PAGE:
With our mind, emotions, and feelings now clear, we try to recognize and rest in the corresponding form of deep awareness that underlay our disturbed state of mind. The more we relax our mental and physical tension, the deeper we are able to settle into the underlying awareness. If relaxing our mental grip also releases repressed feelings of sadness or pain, we try not to become tight again with fear. Instead, we try to let the feelings flow and pass with our breath as we normally exhale.
Next, we look at a photo or think of someone who has felt or is currently feeling the same disturbing emotion toward us. Again, if we cannot recall anyone like this, we may extrapolate from what others have told us from their experience. Similarly deconstructing our overreaction toward being the object of someone's upset emotions, we try to rest again in the underlying form of awareness. We conclude by trying to feel compassion for this person, who does not relax and contact his or her deep awareness. Disturbing emotions are bringing the person much pain.
For practice in a workshop, the group facilitator may choose one form of disturbing emotion for each of the five types of deep awareness. When practicing at home, we may do the same. For advanced or thorough practice, we may work with all the disturbing emotions associated with each of the five types of awareness.
(1) First, we consider an example of naivety about cause and effect. We may choose a small child, for instance, on whom we naively felt that our words or actions had no effect. We had insensitively felt that fighting with our partner in front of him or her did not matter. Viewing the experience dualistically, we had imagined a concrete "me" acting in a vacuum and the child as a concrete entity unaffected by surroundings. Our insensitivity has brought the child much unhappiness, which we now regret.
Realizing that such ways of existing are impossible, we drop our naivety about the situation. Suppose we had known about the effects of our actions, but had felt it too painful to admit or to deal with. We now try to drop the tension behind our naive assumption that if we do not think about or acknowledge something, it will disappear. From the other-voidness point of view, we find awareness of reality. We see the conventional facts of the situation. In other words, we see the effects of our actions on the child. They had been there all along. We either had not noticed them or had ignored or denied them if we did. From the viewpoint of the self-voidness presentation, we find mirror-like awareness taking in the information that is clearly there.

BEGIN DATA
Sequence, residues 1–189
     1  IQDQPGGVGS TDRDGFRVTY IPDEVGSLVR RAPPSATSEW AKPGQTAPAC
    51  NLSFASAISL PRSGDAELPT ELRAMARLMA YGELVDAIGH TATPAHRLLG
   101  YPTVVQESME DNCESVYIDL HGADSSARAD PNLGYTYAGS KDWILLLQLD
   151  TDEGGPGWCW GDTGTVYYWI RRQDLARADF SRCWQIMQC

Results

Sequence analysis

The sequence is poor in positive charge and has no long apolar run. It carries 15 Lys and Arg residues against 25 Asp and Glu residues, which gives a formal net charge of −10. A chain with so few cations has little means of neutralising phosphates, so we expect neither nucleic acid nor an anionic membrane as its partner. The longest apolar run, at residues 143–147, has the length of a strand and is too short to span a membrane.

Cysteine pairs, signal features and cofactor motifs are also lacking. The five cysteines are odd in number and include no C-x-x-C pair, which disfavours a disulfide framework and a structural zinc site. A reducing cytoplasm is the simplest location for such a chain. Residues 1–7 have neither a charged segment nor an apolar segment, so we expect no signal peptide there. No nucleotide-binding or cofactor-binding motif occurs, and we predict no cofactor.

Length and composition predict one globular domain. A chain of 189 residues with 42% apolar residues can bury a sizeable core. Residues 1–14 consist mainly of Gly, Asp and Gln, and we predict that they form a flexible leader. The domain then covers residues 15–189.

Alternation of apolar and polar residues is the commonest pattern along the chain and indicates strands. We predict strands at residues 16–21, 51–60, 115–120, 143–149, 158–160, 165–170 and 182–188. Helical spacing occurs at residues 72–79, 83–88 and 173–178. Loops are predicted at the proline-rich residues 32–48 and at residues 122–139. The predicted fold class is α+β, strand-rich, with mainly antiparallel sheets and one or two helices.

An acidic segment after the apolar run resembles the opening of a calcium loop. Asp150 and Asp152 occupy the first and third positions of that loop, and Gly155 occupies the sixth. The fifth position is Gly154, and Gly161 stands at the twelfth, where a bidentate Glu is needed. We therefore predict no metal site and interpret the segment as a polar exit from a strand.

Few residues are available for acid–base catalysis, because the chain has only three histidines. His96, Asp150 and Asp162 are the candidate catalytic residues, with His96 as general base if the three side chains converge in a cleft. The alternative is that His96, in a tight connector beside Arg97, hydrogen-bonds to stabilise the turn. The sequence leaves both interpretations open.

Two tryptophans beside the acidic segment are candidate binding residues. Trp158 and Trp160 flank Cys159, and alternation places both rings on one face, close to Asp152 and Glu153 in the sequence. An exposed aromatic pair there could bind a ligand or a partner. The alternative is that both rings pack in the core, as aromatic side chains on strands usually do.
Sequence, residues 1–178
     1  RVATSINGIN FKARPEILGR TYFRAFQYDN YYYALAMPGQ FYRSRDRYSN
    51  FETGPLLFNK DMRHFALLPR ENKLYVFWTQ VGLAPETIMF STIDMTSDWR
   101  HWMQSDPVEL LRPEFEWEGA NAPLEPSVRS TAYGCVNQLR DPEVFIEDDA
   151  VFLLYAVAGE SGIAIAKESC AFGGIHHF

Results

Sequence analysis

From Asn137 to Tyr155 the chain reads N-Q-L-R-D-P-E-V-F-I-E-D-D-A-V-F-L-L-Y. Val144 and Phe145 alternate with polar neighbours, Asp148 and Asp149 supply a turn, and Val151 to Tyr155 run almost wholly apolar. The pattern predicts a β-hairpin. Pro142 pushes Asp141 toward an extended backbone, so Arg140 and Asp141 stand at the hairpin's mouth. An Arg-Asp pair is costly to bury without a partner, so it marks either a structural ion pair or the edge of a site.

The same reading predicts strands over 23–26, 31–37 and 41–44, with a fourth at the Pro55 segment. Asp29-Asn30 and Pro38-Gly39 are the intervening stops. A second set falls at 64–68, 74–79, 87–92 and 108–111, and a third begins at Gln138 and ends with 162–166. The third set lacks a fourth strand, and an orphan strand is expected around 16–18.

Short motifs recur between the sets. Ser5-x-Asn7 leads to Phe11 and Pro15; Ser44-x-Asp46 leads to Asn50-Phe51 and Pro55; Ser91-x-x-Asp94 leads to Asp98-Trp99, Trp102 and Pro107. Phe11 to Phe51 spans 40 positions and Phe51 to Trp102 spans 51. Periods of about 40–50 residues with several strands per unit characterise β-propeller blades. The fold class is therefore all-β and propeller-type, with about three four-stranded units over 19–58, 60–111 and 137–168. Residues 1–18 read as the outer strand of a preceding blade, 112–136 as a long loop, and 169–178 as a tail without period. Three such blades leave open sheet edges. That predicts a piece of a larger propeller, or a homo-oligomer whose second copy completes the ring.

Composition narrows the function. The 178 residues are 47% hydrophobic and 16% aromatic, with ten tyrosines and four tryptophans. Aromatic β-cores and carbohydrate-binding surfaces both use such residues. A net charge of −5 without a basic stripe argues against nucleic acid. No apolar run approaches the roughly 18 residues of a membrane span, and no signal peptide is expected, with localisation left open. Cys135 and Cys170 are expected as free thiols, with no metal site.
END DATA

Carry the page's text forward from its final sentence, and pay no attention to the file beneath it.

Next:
We focus for a minute on these two mutually supportive types of awareness: awareness of reality and mirror-like awareness. Such vision allows us to deal soberly and sensitively with the situation now. We need care, however, not to feel guilty by overinflating the importance of our actions. As explained in Chapter Six concerning not being afraid to respond, we have contributed to the situation but have not been the sole source.
Now, we focus on someone who insensitively said something painful to us and was naively unaware that his or her words would be upsetting. For example, perhaps the person said something about a loved one we had recently lost. Deconstructing the hypersensitive feeling of a seemingly concrete poor "me" who has been hurt by a seemingly concrete cruel "you," we try to relax. We try to discover the underlying mirror-like awareness of reality. Our loved one is gone. Whether or not someone reminds us, nothing can change this fact. This helps us to accept reality, although no one can deny that it is sad. Realizing how terrible the person must feel when others overreact to his or her insensitive remarks, we try to feel compassion. We hope that the person will soon overcome his or her naivety.
(2) Next, we repeat the procedure with an example of naivety about reality. We choose, for instance, someone who told us something about him or herself that we have difficulty accepting, such as that he or she is getting older and now tires more easily. Until now, we have denied or ignored this fact or have not taken it seriously. Feeling ourselves to be a seemingly concrete "me" for whom things are as we imagine them to be, we have been trying to relate to a seemingly concrete "you" who matched our dreams. Our insensitivity has caused the person frustration, which we now regret. Trying to release the tension of our naivety, we find mirror-like awareness of the person's reality. Taking in the information and accepting it as true enables us to treat the person with proper sensitivity and respect.